Life would be shits and giggles if I could sit here week-in and week-out and criticize everything I thought deemed such analysis. It would be a gas if I could just ponder my life away at the university, bagging ancillary services or slagging the Students' Union flavour of the year. But eventually, one must consider that life's not only short, but so is school and eventually I'll have to get off my hypocritical ass and prove my worth to society.
I was lucky enough to attend a Communications Studies conference conveniently sandwiched between two separate shifts at my part-time job. It was at this conference that I recognized that I can't stay in university forever (GPA notwithstanding). The time is nearing when I'll have to get a real job. While few of the "professionals" in attendance at the conference interested me, I found that there are many ways to prepare for the real world.
If your faculty or program does not deliver technical skills such as those at other fine post-secondary institutions around the city, it would be wise to pay close attention. Typically, our non-technical programs get less support and financial assistance from the university in favour of skill workforce initiatives. What does this mean, Canadian Studies majors? It means it's all up to you.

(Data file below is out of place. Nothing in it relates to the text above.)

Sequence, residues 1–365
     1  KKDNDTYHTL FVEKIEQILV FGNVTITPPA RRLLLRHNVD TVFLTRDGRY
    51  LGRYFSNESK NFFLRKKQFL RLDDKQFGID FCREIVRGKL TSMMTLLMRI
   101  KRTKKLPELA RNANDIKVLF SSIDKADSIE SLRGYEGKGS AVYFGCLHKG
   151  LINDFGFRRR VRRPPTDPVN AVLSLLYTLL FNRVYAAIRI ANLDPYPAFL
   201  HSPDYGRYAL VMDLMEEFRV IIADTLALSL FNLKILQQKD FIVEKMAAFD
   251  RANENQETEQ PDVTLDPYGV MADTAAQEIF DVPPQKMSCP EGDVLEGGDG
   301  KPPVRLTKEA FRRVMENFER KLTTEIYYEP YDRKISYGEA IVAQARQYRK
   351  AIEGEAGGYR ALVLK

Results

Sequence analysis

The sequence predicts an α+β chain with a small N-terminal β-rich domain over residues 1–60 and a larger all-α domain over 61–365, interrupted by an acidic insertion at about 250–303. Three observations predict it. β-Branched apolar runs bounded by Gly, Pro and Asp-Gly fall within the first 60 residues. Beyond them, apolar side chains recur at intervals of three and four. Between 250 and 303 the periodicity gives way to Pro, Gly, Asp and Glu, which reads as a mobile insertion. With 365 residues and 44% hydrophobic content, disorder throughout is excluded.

Of course we have career services on campus, but after speaking to one of their advisors it became apparent that there are few job postings for those of the General Studies, Humanities or Social Science persuasion. It's all about getting out there, meeting people in places of influence, and winning them over with your charm, smile and... résumé padding.
So get out there. There are plenty of volunteer positions available in all sectors of business and non-profit organizations--check volunteer services (MH144) for more information. Word on the street is co-op education can be very valuable. Some people have more trouble getting in than others, so get some background before you apply.
Use your contacts. Like it or not, you might as well resign yourself to the fact that you have a better chance of getting a job if you know the person or have come recommended by someone. Hey, we all want jobs, there's no shame in admitting that you got it by knowing someone; many underestimate the power of being known.
And finally, if you know what you want to do, do it. Get involved with associations and focus on your ideal job. Build your skills accordingly and keep your options open. Get your foot in the door and make the most of your opportunities. Sometimes you'll have to do some grunt work, but face it, unless you've got a diploma in cement mixing, there's no guarantee of anything out there for you, even in a booming economy. You have to do it yourself or you might end up staying in university for the rest of you life. Hmmm... maybe that isn't so bad after all, with cheap healthcare and discounts that abound.